Stephen Hawking: Our Attitude Towards Wealth Caused Brexit

British theoretical physicist professor Stephen Hawking gives a lecture entitled: 'A Brief History of Mine' during the Starmus Festival on the Spanish Canary island of Tenerife on June 29, 2016. In The Guardian today, Stephen Hawking wrote an opinion piece, arguing that wealth was one of the key factors which determined the outcome of the EU referendum. DESIREE MARTIN/AFP/Getty Image

Stephen Hawking, the celebrated physicist, argues that money was a key factor in the outcome of the EU referendum in The Guardian.

The 74-year-old, who argued for Britain's continued membership of the EU in the run-up to the vote, insists that human's attitude towards wealth —"the way we understand it and the way we share it"—plays a central role in society, and big political decisions are no exception.

He also expresses concern surrounding the significant reduction in funding for scientific research in post-Brexit Britain.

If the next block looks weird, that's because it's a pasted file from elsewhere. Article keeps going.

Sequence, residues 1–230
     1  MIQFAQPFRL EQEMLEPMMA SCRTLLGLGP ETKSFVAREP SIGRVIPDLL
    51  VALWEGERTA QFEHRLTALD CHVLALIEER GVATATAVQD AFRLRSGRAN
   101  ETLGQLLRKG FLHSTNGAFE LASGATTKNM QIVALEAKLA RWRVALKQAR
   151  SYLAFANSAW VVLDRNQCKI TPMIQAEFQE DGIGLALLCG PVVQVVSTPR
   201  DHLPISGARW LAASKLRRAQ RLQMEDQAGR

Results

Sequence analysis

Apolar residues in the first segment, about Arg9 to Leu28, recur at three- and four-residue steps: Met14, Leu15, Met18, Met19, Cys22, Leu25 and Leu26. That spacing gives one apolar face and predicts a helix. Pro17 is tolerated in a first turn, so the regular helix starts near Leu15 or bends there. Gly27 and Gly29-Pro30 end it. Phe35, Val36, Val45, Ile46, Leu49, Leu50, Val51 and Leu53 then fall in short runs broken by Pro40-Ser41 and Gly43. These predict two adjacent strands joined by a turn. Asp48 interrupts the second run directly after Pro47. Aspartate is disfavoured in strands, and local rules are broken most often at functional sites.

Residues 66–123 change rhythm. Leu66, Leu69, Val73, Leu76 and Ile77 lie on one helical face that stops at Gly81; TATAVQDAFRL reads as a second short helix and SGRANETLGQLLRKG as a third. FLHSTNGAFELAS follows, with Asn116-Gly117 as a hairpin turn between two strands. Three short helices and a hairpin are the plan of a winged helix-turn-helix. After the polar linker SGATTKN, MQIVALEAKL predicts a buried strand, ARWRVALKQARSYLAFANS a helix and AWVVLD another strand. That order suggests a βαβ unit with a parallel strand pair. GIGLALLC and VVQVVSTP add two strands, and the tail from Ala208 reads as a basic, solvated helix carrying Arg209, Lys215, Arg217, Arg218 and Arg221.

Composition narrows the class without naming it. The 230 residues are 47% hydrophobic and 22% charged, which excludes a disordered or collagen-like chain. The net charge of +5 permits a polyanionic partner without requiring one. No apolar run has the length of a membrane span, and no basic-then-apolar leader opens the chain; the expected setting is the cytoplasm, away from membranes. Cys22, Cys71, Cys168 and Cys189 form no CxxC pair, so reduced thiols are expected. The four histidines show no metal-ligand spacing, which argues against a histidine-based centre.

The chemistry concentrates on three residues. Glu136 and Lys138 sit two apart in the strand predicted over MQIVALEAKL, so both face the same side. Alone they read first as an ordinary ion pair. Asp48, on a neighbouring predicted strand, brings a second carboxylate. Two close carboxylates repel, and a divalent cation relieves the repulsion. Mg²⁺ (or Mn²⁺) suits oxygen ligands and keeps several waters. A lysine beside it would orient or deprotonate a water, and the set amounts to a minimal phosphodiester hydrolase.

"One of the reasons I believed it would be wrong to leave the EU was related to grants. British science needs all the money it can get, and one important source of such funding has for many years been the European commission," he writes.

The severely disabled scientist has a rare early-onset slow-progressing form of amyotrophic lateral sclerosis (ALS), also known as motor neurone disease, affecting the nerves in the brain and the spinal cord. He maintains that spending cuts will only harm those suffering with disabilities.

"I have spoken in the past about my concern that government spending cuts in the U.K. will diminish support for disabled students, support that helped me during my career. In my case, of course, money has helped not only make my career possible but has also literally kept me alive."